Right now, we're in the eye of the storm. With the sound and furry that is the Consumer Electronics Show behind us, we can only use this time of relative quiet to see what's still ahead. The storm that looms in front of us, inexorably set upon our path. We must steel ourselves to endure the onslaught of devices that is about to crash down upon us thanks to events like Mobile World Congress, but also due to the single, focused events from the companies gearing up to unveil their new devices.
February is a quiet month in the beginning, but at the end of it we're going to see quite a few new gadgets, phones and tablets make their way to the stage, unveiled for the world to see. And while Mobile World Congress is obviously going to have plenty to see, and plenty of new phones to drool over until they get released, all eyes are currently on Samsung first.
The company behind the Galaxy S and Galaxy Note lineups is ready to unveil their next big thing, the next flagship that'll lead the company into more money throughout 2014, and it happens in just under two weeks from now. We'll get to see what Samsung has in store for their Galaxy S5, but more than that, we'll get to see what changes Samsung has made to their hardware and software. Did they listen to feedback? Are they going to shoot for totally revamping their designs, or will they just make some small tweaks here and there?
It's exciting to think about, but even more so because it's so close to fruition.
We've already seen plenty of leaks regarding Samsung's rumored changes to their proprietary software called TouchWiz, and we've heard about their conversations with Google to get things "in order" for future devices -- including the Galaxy S5. They've all been interesting in their own way, and if you've been waiting for Samsung to make some changes to their software (and hardware, maybe), then it looks like the Galaxy S5 could be your gateway device to a life of Samsung-branded devices.
The latest rumor, though, has me a bit on edge. According to a new report, Samsung is building a service called Context, and it's meant to draw conclusions based on a lot of certain things as you use your device. After it pulls necessary information from your usage with the device, it will be able to share that data with applications, which will then let those apps cater themselves to you a bit more personally than ever before.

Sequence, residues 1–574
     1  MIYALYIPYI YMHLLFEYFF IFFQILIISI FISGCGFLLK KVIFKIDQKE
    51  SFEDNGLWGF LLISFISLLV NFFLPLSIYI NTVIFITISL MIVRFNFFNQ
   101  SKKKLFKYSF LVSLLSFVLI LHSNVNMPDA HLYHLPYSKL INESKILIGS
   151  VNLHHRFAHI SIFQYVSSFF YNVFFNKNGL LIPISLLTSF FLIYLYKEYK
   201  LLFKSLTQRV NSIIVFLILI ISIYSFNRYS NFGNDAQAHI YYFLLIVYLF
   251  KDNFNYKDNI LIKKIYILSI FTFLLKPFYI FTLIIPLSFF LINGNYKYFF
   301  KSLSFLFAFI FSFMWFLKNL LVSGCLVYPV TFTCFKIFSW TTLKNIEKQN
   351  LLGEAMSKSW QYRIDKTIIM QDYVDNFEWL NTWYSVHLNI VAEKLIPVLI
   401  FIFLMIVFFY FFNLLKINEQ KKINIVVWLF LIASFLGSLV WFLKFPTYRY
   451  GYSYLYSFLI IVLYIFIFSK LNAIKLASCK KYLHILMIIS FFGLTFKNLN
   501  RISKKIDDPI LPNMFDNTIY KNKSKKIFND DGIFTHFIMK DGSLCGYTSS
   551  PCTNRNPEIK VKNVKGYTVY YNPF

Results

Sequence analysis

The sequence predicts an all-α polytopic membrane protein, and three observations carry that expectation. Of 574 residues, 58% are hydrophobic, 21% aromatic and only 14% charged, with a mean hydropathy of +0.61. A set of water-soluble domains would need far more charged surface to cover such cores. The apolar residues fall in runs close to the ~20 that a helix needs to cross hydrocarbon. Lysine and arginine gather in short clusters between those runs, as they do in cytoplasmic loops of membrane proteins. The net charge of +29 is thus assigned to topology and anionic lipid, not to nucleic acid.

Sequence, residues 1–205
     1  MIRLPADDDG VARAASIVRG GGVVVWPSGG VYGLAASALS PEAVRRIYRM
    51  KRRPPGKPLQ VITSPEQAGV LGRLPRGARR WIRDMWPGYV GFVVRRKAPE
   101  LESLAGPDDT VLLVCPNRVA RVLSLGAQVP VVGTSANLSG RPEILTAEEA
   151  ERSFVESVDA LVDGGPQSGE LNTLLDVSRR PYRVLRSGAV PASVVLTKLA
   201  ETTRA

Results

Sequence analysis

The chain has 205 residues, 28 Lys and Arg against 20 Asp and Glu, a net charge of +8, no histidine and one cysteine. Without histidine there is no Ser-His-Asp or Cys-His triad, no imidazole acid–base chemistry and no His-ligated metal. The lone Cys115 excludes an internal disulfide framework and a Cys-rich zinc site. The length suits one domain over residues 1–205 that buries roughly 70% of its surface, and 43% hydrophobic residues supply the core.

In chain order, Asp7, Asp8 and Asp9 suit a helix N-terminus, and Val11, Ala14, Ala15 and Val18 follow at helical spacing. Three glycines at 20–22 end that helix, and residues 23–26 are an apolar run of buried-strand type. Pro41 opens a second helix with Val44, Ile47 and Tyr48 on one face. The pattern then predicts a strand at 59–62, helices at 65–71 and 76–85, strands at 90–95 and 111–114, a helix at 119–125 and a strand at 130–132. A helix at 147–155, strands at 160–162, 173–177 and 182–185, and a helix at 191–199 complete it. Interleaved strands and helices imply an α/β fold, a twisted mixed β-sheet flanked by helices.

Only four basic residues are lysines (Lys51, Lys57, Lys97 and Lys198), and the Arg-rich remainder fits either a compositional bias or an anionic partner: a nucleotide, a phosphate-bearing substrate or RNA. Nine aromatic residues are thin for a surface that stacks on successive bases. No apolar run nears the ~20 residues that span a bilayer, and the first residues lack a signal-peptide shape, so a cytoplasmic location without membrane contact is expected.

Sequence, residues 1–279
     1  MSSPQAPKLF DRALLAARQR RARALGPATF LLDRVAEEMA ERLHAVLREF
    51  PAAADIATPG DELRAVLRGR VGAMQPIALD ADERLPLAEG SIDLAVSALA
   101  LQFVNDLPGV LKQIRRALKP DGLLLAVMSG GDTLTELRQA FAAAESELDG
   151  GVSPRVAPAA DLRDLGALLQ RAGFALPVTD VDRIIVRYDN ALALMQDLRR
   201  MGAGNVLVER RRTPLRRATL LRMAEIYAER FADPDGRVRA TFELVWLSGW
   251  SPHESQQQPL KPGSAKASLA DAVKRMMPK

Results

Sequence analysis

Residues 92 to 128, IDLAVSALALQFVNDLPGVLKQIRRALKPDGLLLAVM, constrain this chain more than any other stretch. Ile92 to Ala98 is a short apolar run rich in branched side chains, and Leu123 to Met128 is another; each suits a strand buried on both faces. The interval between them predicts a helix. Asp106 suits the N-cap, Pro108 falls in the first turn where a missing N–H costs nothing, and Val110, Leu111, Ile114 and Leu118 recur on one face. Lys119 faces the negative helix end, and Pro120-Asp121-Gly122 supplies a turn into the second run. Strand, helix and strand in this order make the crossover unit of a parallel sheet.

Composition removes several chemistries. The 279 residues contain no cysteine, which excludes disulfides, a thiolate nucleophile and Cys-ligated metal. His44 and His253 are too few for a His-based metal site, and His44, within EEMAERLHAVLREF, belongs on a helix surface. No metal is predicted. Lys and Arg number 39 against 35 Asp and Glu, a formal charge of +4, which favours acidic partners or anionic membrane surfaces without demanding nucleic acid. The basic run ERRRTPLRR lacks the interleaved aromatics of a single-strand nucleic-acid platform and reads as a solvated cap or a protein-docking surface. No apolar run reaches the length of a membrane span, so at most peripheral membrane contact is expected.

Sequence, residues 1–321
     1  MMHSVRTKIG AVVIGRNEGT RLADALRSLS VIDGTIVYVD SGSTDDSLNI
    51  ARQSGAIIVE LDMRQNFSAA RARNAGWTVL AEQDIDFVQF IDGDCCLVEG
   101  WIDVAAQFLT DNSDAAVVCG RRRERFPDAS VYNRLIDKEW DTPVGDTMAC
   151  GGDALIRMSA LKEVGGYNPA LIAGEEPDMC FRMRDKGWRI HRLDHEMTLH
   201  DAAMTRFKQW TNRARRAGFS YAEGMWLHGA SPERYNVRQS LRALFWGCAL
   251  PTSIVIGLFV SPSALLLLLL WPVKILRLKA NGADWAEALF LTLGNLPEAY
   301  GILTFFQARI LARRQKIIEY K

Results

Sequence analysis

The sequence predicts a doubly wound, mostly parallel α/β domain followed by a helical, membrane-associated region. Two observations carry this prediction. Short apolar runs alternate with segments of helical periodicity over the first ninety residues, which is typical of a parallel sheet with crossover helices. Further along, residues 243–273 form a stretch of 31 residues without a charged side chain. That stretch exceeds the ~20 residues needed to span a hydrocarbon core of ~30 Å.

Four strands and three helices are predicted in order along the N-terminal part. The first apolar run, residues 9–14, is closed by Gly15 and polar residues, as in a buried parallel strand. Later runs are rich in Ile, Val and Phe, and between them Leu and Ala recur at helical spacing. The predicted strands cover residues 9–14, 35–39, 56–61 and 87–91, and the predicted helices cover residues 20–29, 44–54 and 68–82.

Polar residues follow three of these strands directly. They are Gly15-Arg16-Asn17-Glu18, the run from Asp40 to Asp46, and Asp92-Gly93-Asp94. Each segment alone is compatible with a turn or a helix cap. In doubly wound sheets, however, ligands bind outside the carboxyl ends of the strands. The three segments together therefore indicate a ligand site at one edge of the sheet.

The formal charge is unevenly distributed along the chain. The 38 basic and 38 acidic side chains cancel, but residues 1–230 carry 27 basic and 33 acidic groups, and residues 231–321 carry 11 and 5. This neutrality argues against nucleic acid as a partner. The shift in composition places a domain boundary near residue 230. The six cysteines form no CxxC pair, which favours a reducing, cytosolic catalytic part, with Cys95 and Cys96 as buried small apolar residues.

It's the data that the device, or Context, mines that just sounds troublesome. While at face value the idea that your device could offer a more personal experience based on the things you search for sounds great, there are points where it goes too far. The rumor suggests that Context will also be able to pull information from what you type, as well as collect data from other sensors built into the phone. All in the hope of pointing out a new movie that you might like.
I can't help but think that people are going to rase some eyebrows at the idea their phone is tracking everything they type, especially for something as superfluous as getting a movie recommendation, or something similar. Not when the stores that you get those movies, like Google Play, actually already offer recommendations based on what we've watched in the past. Why would I need to provide even more information, like what I type on my phone, just to get the same results?
Samsung has a track record for looking at services already in place and changing them for their own benefit. So you're not using something made by Google, you're using something made by Samsung. And while earlier reports have suggested that Samsung is changing this method for future devices, thanks to conversations with Google proper, I can imagine that it's going to be a slow-and-steady change, if it happens at all. After all, that's a hard habit to break.
But, what do you think of this Context thing? Would you be okay with your phone collecting data, like what you type, all in an effort to give you contextualized suggestions within apps, or so the applications have more information about you? Or would you prefer to let the stores themselves offer you suggestions, based on your usage -- and your usage only? Let me know!